Europe first with approval of Amgen’s cholesterol drug Repatha
Amgen’s cholesterol drug Repatha has been given the green light in Europe, making it the first in the new PCSK9 inhibitor class approved anywhere in the world.
Repatha (evolocumab) is a human monoclonal antibody that inhibits PCSK9, a protein that reduces the liver’s ability to remove LDL-C, or ‘bad’ cholesterol, from the blood. The approval confirms Repatha’s lead over its rival, Sanofi and Regeneron’s Praluent (alirocumab), and puts it on track to be a leader in a new multi-billion dollar therapy area.
Analysts believe Repatha can achieve peak annual sales in excess of $2 billion, but overall sales will depend on the price the drug can fetch. Following the resistance to high prices seen in cancer and in hepatitis C in the US, many market experts are anticipating a similar battle over the price of the PCSK9 inhibitors.
Also significant is the fact that Amgen has not yet generated data proving Repatha’s benefits in cardiovascular morbidity and mortality.
Repatha has been approved by the European Commission for patients with hard-to-treat high cholesterol. This includes patients with hypercholesterolemia (heterozygous familial and non-familial [HeFH]), patients whose condition is not responding adequately to statins or other lipid-lowering drugs, are statin-intolerant or for whom a statin is contraindicated.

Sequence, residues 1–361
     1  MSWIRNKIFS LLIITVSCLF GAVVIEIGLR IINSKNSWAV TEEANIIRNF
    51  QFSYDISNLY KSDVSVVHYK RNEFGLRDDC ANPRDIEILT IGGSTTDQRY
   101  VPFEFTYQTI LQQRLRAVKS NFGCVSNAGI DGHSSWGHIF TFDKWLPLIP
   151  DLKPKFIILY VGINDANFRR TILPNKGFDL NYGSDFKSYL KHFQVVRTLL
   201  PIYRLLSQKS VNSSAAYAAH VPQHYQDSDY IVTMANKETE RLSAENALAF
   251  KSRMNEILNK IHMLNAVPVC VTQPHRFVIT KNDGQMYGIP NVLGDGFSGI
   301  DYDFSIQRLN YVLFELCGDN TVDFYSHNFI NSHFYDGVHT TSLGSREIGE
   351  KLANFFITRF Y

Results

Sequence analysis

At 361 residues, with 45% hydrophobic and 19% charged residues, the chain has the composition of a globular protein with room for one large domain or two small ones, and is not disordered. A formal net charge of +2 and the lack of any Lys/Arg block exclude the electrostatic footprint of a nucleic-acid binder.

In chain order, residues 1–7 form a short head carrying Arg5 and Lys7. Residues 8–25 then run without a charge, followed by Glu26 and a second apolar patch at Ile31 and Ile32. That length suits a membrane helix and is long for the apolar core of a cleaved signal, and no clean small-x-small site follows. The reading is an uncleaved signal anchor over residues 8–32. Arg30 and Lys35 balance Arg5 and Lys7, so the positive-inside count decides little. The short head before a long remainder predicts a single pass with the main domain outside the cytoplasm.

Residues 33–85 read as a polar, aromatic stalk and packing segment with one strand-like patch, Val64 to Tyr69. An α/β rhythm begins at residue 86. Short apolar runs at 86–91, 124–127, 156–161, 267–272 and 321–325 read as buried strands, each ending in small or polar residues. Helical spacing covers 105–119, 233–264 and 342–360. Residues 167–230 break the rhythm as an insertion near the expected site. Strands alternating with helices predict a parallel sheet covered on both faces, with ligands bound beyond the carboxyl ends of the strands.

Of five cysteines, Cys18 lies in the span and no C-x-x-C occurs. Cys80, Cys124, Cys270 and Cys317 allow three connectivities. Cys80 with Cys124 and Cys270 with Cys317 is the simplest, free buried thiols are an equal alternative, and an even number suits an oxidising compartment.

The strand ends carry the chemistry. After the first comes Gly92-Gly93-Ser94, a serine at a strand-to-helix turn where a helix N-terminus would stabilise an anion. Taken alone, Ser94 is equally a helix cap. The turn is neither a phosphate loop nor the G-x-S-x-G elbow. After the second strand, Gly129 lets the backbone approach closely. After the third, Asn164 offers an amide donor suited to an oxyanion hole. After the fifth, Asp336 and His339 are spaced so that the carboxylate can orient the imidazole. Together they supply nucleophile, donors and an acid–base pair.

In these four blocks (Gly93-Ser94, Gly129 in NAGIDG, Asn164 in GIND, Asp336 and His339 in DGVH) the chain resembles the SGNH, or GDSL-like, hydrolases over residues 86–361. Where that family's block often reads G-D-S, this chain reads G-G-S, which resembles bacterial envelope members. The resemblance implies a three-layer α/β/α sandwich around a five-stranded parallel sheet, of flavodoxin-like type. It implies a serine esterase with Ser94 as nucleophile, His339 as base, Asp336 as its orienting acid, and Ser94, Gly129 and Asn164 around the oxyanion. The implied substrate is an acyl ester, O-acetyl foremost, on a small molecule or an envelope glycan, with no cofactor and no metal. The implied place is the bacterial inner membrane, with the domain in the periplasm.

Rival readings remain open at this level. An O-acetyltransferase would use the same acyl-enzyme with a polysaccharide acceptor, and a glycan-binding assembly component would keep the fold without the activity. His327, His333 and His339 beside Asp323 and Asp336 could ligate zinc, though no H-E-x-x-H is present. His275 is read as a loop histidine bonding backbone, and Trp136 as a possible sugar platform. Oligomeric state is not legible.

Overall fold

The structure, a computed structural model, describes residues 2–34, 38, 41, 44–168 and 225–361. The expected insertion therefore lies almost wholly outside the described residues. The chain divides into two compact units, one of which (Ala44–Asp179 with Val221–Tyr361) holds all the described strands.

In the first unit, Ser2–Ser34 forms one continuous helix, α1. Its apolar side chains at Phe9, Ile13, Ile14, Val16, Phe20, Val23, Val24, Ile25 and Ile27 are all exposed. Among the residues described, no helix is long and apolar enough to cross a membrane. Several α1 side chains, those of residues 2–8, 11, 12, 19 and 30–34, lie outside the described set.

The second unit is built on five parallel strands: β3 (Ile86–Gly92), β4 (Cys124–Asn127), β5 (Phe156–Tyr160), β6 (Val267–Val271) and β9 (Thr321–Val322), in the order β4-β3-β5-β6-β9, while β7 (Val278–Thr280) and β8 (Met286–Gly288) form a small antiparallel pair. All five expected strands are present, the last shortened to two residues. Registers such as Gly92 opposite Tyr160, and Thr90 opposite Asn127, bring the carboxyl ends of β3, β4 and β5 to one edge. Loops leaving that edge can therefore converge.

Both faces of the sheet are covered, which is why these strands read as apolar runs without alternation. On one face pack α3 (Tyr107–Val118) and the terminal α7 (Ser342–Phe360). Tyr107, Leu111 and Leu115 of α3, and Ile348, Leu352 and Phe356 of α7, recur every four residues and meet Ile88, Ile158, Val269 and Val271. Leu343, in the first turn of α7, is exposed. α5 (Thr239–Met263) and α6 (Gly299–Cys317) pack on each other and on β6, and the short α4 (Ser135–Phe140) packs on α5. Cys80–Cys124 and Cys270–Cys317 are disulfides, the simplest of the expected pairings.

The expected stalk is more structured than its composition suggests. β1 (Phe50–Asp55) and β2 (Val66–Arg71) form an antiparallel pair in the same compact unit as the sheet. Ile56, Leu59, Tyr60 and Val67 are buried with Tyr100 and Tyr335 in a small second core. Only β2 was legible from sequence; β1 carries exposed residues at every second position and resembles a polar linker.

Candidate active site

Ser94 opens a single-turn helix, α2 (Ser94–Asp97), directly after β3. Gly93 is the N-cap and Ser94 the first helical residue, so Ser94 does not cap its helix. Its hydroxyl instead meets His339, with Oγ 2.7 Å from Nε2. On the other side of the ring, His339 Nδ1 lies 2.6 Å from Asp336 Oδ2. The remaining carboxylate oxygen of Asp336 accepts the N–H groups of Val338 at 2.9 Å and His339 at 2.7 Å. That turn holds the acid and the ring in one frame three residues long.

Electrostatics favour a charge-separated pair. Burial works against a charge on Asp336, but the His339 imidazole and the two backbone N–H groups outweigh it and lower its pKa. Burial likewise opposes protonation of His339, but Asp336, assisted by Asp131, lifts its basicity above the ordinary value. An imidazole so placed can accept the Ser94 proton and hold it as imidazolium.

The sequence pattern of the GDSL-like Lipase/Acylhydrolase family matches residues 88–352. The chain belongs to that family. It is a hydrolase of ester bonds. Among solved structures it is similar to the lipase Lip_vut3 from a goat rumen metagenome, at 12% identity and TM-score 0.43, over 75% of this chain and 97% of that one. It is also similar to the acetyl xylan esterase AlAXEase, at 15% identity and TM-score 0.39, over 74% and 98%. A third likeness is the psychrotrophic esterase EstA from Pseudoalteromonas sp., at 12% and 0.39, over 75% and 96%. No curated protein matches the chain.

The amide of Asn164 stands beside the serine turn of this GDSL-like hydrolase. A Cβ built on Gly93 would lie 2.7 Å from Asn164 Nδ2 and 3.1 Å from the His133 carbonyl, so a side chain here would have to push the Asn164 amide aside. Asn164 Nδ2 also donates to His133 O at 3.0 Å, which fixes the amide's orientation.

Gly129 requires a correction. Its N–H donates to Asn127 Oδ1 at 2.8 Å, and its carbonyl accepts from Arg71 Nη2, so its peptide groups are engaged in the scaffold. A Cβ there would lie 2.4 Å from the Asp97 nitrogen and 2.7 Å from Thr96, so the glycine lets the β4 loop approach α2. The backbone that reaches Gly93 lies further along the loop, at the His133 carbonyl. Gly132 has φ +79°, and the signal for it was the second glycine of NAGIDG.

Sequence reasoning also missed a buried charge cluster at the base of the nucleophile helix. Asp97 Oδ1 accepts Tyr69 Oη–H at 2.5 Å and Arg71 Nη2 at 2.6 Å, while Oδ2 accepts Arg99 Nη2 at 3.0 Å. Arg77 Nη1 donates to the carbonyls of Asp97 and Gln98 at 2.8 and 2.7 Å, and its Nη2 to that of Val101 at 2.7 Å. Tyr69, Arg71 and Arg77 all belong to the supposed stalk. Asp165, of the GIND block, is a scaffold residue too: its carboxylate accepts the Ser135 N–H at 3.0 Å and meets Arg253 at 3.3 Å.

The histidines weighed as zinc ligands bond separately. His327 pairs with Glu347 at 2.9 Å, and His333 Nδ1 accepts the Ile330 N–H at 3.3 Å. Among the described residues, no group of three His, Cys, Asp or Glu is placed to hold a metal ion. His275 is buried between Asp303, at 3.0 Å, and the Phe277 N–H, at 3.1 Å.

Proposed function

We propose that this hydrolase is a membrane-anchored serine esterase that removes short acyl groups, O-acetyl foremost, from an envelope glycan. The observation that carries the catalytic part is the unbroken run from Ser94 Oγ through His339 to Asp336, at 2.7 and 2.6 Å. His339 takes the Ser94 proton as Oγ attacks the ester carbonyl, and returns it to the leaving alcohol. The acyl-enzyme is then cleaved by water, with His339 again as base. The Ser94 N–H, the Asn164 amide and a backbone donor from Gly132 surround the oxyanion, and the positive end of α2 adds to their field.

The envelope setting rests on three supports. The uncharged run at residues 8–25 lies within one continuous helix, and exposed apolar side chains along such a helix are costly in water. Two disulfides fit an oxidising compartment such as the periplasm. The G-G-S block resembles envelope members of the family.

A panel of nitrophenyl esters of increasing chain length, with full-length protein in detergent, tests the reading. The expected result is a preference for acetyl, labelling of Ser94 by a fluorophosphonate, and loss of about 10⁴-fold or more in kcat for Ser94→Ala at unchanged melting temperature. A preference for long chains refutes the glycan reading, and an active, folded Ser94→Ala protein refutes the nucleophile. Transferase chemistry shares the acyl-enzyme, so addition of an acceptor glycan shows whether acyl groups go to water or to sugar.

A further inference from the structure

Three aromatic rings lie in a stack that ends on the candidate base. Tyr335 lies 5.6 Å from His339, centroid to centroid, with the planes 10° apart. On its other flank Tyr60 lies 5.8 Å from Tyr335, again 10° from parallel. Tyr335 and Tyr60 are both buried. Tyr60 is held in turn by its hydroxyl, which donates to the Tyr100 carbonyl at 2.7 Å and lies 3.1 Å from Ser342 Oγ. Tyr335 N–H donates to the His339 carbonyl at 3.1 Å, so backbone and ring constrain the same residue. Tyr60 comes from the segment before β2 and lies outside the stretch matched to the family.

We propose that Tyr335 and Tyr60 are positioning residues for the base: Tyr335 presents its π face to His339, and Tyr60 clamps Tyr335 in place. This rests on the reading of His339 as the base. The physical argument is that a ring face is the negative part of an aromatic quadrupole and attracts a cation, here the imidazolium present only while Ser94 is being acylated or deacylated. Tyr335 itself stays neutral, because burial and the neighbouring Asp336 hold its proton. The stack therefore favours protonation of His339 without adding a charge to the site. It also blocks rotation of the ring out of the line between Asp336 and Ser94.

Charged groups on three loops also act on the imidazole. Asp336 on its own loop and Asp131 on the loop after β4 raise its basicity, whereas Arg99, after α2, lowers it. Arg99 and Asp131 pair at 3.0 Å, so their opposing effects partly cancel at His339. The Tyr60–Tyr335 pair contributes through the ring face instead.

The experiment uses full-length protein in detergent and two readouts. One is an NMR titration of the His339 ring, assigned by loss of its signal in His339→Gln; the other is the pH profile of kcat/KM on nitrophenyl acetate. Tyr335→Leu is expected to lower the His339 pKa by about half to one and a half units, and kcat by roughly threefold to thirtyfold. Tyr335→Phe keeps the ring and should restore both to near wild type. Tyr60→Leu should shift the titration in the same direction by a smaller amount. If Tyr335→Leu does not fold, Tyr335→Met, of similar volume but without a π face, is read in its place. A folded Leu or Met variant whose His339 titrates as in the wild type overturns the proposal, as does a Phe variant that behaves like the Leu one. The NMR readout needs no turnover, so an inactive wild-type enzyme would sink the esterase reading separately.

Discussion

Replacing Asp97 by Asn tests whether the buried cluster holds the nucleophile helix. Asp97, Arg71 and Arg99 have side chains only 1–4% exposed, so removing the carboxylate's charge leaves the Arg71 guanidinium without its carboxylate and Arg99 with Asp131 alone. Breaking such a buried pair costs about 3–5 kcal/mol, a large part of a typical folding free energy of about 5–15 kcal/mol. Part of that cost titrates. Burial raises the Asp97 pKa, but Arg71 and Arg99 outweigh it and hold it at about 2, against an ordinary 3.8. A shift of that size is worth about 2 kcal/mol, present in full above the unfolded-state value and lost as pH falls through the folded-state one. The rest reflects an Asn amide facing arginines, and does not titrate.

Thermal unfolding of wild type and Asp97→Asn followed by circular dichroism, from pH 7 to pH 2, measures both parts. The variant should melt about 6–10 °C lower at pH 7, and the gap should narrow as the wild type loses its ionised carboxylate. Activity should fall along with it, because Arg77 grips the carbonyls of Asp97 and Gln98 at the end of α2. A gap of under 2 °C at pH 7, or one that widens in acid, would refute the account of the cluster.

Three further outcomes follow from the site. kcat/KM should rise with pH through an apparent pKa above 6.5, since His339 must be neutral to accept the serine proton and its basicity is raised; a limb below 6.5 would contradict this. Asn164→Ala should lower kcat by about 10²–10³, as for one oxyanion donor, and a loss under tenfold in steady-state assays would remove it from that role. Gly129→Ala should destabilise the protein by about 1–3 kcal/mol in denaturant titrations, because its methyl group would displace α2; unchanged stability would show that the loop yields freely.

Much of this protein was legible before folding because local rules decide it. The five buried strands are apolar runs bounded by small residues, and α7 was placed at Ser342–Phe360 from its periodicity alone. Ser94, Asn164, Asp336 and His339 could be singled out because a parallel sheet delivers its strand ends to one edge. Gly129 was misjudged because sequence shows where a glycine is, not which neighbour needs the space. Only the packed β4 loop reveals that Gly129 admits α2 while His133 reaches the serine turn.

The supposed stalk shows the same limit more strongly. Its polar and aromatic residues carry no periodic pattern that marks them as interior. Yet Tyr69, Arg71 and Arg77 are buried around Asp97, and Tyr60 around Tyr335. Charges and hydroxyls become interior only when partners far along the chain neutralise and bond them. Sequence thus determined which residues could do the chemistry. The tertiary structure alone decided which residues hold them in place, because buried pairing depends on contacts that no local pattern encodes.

Amgen must convince European doctors that there is an unmet need in these groups beyond statin therapy, which has a very large evidence base and is now largely off-patent and low cost.
The company says more than 60 per cent of high-risk patients in Europe are still unable to adequately lower their LDL-C levels with statins or other lipid-lowering agents. It also cites US government research which says among very high-risk patients, the figure is above 80 per cent.
“We are proud that our cholesterol-lowering medication, Repatha, is the first PCSK9 inhibitor to be approved by any regulatory agency in the world,” said Sean E Harper, MD, executive vice president of Research and Development at Amgen.
“High LDL cholesterol is a major global health burden and many patients are unable to appropriately control their LDL cholesterol with the maximum tolerated dose of a statin, or are unable to take statins due to intolerance or contraindications. We are excited to make this new cholesterol-lowering medication available for patients in Europe.”
The drug is given in the form of a subcutaneous injection, either 140 mg every two weeks or 420mg once a month. Before starting treatment, secondary causes of excess cholesterol and abnormal fat levels should be excluded.
Sanofi’s Praluent could gain final European approval as early as next week. This would narrow Amgen’s lead, creating competition which could allow Europe’s health systems to exert downward pressure on prices for both drugs.
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